Australian veteran Lleyton Hewitt says the pressure is all on Andy Murray as he attempts to lead his Great Britain side to Davis Cup glory.
Murray suffered the disappointment of being knocked out in the fourth round of the US Open by Kevin Anderson in New York last week - his earliest exit from a Grand Slam tournament in five years.
The 28-year-old is now concentrating on leading Team GB into the Davis Cup final for the first time since 1978 as they prepare to face Australia in their semi-final clash at the Emirates Arena in Glasgow.
The best-of-five tie opens with two singles rubbers on Friday, followed by the doubles rubber on Saturday and the reverse singles on Sunday.
Murray played three tough matches in three days in GB`s win over France in the quarter-finals in July - including a doubles win with older brother Jamie - and Hewitt says the weight of expectation will be on the Scot again this time round.
"A lot of the pressure is obviously on Andy," said Hewitt, who won the competition with Australia in 1999 and 2003.
"Whoever gets the opportunity to face him on day one really has nothing to lose, you can go out free swinging and play your game."
The 34-year-old, who is set to retire after the Australian Open at the start of 2016, added: "I think Andy pretty much has got to win that match in a lot of ways so it`s going to be a bigger rubber for them, I think, and these young boys are big match players as well.
"We`re going to try and come up with the best team play to win three out of the five matches."
However, two-time major winner Murray was adamant that Great Britain`s Davis Cup squad was not a one-man team."I wouldn`t say it`s all on me. We got into this position by everyone in the team playing their part," Murray said.
"I think there`s pressure on everybody. It`s Lleyton`s last chance to win the Davis Cup and he`ll be feeling pressure as well and all the players in their team will be feeling the same way.
"The pressure is on us as well because everyone views this as a good opportunity, so we can point fingers at one another and say there is pressure for certain individuals and none on the others but they`ll be feeling the pressure as well and we`ll see who handles it better over the weekend."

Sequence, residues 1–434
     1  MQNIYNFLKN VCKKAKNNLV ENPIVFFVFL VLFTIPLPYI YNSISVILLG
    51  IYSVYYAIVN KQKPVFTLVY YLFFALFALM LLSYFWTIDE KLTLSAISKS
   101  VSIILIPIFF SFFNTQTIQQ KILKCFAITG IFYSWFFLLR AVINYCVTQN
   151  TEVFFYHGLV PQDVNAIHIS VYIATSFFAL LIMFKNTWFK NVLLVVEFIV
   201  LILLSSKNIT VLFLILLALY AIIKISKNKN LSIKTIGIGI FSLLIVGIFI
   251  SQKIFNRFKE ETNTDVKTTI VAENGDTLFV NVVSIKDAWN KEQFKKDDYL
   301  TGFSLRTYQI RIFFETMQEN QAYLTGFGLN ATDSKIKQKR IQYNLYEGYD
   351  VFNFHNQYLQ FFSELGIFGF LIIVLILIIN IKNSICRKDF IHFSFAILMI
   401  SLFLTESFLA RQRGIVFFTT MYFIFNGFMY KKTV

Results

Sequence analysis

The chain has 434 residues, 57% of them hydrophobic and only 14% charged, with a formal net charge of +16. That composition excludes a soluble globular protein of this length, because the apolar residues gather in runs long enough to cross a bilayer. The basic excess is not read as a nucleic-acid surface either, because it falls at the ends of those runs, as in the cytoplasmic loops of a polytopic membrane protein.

The 28-year-old, who will be cheered on by a passionate home support in Scotland, added that he had played some of the best tennis of his career in the competition.
"When I am competing for my country I have played some of the best tennis of my life. So, I obviously enjoy it and it inspires me," Murray said. "Obviously I didn`t play as well as I would have liked in New York but hopefully I can turn it around here."
It is Great Britain`s first semi-final for 34 years, and the nine-time champions are now the favourites to win the event for the first time since 1936.
Captain Leon Smith is still to decide on his second singles player with James Ward, Kyle Edmund and late call up Dan Evans vying for the spot.
Australia, led by captain Wally Masur, have had their own selection problems after Nick Kyrgios, the second-highest ranked Australian, was left out of the squad by mutual agreement.
Bernard Tomic and Thanasi Kokkinakis are the highest-ranked singles players for the 28-time winners, with Hewitt and Sam Groth likely to play doubles.
The winners will play either Argentina or Belgium in the final.